Sentencing Guidelines

Sentencing guidelines provide a system for handing down uniform or consistent sentences for similar crimes in various jurisdictions. Created by the United States Sentencing Commission to be incorporated in each state’s criminal code, sentencing guidelines help eliminate confusion among judges in determining the proper punishment for a person convicted of a crime. Sentencing guidelines take into consideration the nature of the crime, and judges may consider the convicted offender’s prior criminal history in final sentencing. To explore this concept, consider the following sentencing guidelines definition.

Definition of Sentencing


  1. The punishment given to a person convicted of a crime by a court of law.


1175-1225   Middle English

History of Federal Sentencing Guidelines

When a person has been convicted of a crime, it is up to the trial judge to hand down a sentence, which may consist of a fine, restitution, and/or imprisonment. Prior to 1987, judges handed down sentences at their own discretion, which resulted in judges around the country imposing very different sentences for similar crimes. In an attempt to impose consistency in sentencing, Congress passed the Federal Sentencing Guidelines, requiring judges to hand down sentences for each individual case that fall within the specific guidelines.

The Federal Sentencing Guidelines accomplished the goal of imposing consistency in sentencing, but many legal professionals felt they were too rigid. In 2005, the guidelines were challenged, and the U.S. Supreme Court ruled that the mandatory sentencing guidelines were unconstitutional. Now judges are allowed some flexibility in considering not only the nature and seriousness of the crime, but the defendant’s prior criminal history when determining a sentence. As a result, judges occasionally assign sentences that are either harsher or more lenient than the recommended punishment, though most sentences still fall within the recommended range.

State Sentencing Guidelines

Individual state legislatures establish sentencing commissions to review state sentencing guidelines. Such reviews begin with sentencing standards imposed by the Federal Sentencing Guidelines, and include reviewing current laws, policies, and procedures. The sentencing commission is tasked with making recommendations to the state legislature and state supreme court regarding changes that should be made to the criminal code, criminal procedures, state sentencing guidelines, and other practices specific to that state.

While it is important to ensure public safety by providing immediate and clear response to crime, sentencing commissions must also help ensure that fair sentences are handed down. The goals of criminal sentencing that must be considered by sentencing commissions include:

  • Protecting the public
  • Promoting respect for the law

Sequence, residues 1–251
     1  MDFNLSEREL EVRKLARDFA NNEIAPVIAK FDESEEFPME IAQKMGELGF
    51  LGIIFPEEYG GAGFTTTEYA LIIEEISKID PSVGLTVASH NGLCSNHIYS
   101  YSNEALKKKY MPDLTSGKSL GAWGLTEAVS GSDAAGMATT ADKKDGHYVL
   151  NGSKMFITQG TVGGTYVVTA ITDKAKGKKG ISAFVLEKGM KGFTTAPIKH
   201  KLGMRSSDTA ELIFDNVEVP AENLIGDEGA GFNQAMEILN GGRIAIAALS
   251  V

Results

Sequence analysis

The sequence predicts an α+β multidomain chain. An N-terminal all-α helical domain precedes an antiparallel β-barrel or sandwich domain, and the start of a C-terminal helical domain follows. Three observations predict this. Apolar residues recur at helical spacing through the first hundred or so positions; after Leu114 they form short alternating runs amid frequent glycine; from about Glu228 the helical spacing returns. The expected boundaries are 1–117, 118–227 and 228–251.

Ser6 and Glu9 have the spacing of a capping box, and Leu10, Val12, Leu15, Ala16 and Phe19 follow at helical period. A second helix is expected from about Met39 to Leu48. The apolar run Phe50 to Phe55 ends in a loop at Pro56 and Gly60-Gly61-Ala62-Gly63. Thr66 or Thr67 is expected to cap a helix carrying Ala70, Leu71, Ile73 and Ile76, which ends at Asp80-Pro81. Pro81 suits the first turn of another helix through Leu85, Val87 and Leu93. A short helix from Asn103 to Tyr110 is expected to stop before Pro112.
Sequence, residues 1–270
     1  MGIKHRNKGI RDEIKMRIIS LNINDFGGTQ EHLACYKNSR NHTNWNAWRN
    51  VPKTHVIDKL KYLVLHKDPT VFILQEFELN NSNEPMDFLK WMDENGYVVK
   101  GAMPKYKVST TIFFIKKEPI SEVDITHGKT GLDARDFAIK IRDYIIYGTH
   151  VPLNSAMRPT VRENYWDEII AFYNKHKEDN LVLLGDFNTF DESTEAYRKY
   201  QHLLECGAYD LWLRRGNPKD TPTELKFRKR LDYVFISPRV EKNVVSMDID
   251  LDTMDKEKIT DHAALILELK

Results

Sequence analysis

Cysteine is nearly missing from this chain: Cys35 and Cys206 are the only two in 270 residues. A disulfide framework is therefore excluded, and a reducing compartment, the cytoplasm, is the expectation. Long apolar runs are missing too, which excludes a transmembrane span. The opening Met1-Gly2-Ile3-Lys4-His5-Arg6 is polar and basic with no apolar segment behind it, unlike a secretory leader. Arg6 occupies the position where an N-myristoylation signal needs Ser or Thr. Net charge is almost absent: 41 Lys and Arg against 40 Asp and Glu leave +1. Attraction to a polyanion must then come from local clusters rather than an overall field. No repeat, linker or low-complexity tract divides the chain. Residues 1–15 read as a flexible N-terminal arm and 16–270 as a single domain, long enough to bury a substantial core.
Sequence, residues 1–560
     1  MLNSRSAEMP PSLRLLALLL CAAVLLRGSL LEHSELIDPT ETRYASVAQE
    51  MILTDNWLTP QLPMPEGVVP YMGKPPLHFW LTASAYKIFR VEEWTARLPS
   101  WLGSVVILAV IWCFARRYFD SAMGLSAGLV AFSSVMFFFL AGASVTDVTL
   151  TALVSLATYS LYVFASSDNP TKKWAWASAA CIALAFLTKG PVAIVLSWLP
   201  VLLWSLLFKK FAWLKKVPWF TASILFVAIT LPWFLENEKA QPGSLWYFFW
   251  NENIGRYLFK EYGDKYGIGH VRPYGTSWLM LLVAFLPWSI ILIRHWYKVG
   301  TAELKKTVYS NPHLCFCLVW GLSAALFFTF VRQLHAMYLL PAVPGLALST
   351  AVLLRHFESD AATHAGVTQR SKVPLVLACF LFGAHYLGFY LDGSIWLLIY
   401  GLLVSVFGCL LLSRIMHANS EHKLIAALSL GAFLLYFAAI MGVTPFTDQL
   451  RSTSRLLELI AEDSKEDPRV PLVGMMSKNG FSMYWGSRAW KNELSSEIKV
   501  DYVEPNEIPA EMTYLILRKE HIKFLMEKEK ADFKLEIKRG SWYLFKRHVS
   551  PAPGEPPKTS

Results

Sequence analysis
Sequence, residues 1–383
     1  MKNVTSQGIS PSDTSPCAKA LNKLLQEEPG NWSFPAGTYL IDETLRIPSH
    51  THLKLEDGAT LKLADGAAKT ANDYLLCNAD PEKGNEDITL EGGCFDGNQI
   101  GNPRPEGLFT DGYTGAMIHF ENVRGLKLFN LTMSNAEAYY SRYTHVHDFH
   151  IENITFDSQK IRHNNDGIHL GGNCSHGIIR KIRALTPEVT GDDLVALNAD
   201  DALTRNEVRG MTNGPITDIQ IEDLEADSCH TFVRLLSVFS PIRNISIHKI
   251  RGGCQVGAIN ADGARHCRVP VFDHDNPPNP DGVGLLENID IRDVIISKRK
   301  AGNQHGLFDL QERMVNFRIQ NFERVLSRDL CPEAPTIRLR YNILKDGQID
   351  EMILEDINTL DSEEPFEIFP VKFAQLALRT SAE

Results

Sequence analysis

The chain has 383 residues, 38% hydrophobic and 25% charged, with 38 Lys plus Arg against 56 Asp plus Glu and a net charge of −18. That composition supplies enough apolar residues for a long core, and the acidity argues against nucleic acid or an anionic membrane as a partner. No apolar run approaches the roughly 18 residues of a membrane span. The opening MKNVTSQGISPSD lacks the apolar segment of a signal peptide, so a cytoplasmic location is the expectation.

• Imparting adequate punishment for the crime committed
  • Discouraging future criminal conduct
  • Imposing sanctions consistent with the need to protect the public, and the seriousness of the crime

Mandatory Minimum Sentencing Guidelines

Mandatory minimum sentencing guidelines require judges to hand down sentences for a fixed minimum length of imprisonment to people convicted of certain crimes. This means that, for certain crimes, criminal sentencing guidelines give the judge no discretion to issue a less severe punishment no matter what mitigating factors might exist. Mandatory minimum sentences apply to many violent and drug-related crimes, as well as for habitual offenders.

Consecutive and Concurrent Sentences

In circumstances where an individual is convicted of more than one offense in the same case, the judge often has the option to decide whether the defendant should serve his sentences for each offense at the same time, or consecutively. Concurrent sentences run concurrently, the defendant serving all of his sentences at the same time. Consecutive sentences run one after another, the defendant being required to finish each sentence before the next begins. For a person convicted of several crimes, the difference between concurrent and consecutive sentencing can be a very long time.

In deciding whether to order concurrent or consecutive sentencing, criminal sentencing guidelines allow judges to consider the severity of the crimes, the defendant’s past criminal history, and the potential danger to the public should the defendant be released soon.

For example, John is convicted of 10 separate counts of selling prescription medications to others. Each individual count has a maximum sentence of 5 years in prison. If the judge gives John the maximum sentence for each count and orders them to run consecutively, John’s total sentence would be 50 years. If the judge orders the sentences to run concurrently, the total sentence would only be 5 years.

If John had a long history of criminal activity, a sentence of 50 years may seem reasonable to keep him off the streets. On the other hand, if John has no criminal history, and sold the medications during a brief period of time after losing his job and falling on financial hardship, a 50 year sentence may be seen as cruel and unusual punishment.

Sentencing Guidelines Chart

The United States Sentencing Commission (“USSC”) maintains a sentencing guidelines chart for use by judges in handing down sentences for criminal convictions. The sentencing guidelines chart, referred to as a “sentencing table,” is made available in the USSC Guidelines Manual, which is available to all on the website.

Related Legal Terms and Issues

  • Criminal History – A record of crimes for which a person has been previously accused or convicted.
  • Mitigating Factor – Any fact or circumstance that lessens the severity of a criminal act, or which decreases the accused person’s fault or responsibility.